“We’re really thinking about the average user who may not be technical and who may not have much in terms of resources and has 15 weeks to get a project going,” Lindgren explained. “This is designed to hit the sweet spot of ease of use, with enough capabilities that people can do really meaningful projects.”

Judging by MediaKron’s documentation site, the learning curve should be minimal for users who are familiar with uploading content into a CMS such as WordPress.

The idea for MediaKron originated almost a decade ago, when IDeS was working with faculty to create customized sites for individual courses, such as the Roma: Caput Mundi site that enabled art history students to view Renaissance and Baroque monuments in Rome, benefiting from additional context provided by maps and timelines. While these sites were useful for the purposes of those specific courses, the investment of time and resources required to build customized sites was not scalable.

“We looked at these as really exciting projects, but we wanted to figure out ways to make what they had done available to other people,” Lindgren said.

Digital Dubliners, a MediaKron project by Boston College student  Joseph Nugent, is now available as an iBook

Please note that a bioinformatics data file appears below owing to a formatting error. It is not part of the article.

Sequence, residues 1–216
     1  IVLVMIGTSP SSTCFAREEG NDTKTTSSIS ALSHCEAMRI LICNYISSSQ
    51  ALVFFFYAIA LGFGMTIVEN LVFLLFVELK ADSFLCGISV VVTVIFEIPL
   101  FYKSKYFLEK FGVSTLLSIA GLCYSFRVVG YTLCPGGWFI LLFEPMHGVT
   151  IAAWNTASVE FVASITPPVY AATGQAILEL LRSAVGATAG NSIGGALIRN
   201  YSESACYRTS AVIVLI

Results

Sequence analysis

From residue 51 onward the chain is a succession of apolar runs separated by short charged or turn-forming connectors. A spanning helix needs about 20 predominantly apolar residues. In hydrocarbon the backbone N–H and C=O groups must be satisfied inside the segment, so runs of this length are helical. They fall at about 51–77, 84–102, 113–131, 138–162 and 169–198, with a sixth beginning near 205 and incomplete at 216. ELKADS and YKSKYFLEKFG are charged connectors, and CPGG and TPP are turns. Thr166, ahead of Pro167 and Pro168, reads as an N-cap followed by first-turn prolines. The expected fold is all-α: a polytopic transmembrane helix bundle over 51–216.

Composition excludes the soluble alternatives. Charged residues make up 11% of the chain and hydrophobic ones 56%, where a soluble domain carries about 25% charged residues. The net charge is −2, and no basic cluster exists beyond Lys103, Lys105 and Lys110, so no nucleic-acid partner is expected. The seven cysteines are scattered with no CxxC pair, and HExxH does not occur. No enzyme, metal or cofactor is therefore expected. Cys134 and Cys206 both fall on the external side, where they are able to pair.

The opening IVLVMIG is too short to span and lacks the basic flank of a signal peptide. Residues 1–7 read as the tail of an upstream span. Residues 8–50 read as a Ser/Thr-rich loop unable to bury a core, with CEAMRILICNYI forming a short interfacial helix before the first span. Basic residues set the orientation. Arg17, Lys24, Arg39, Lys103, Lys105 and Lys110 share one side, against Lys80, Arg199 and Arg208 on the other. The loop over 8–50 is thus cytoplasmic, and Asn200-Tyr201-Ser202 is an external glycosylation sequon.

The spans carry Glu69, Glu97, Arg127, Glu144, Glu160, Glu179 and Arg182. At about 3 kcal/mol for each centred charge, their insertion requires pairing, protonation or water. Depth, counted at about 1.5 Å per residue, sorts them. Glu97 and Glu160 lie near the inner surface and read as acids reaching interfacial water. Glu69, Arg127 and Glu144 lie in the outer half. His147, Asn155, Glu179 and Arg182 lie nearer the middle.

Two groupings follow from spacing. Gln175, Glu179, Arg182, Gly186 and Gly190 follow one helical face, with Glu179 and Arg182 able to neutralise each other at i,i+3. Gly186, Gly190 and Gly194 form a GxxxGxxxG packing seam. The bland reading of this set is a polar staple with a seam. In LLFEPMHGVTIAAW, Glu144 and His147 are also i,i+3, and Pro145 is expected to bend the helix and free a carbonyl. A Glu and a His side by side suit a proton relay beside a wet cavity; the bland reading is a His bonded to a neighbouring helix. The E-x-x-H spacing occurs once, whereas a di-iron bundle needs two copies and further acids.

Digital Dubliners, a MediaKron student project led by Boston College Professor Joseph Nugent, is now available as an iBook

The IDeS team began building the platform in 2006 using Drupal, but MediaKron really began to take off in 2012, when a $500,000 grant from the Davis Educational Foundation helped fund additional development and the expansion of the project to six partner institutions: Boston University, Bucknell University, Clark University, Dartmouth College, Providence College and Worcester Polytechnic Institute.

The grant was extended in 2013, enabling Boston College and its partners to continue producing and showcasing new projects, such as Digital Dubliners, a student project developed at Boston College. The project, which has since been converted into an iBook, is a virtual guide to James Joyce’s Dubliners offering visual context for sights and locations mentioned in the book, as well as audio for songs mentioned in the book. Other projects included the Great Problems Seminar: Heal the World, in which Worcester Polytechnic Institute biotechnology professor Jill Rulfs had students use MediaKron collaboratively to study the London cholera epidemic of mid-19th century.

MediaKron is currently a proprietary solution that is only available to faculty, staff, and students at Boston College and its partners, but Lindgren reiterated that IDeS was ultimately aiming to make the platform more broadly available.

“We’re working mostly with our partners, but we’re open to hearing from people who are interested in MediaKron and would like to be in conversation about it,” Lindgren said. “Maybe out of that some kind of partnership or ideas for sustainability might emerge.”

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Matt Enis (; @matthewenis on Twitter) is Associate Editor, Technology for Library Journal.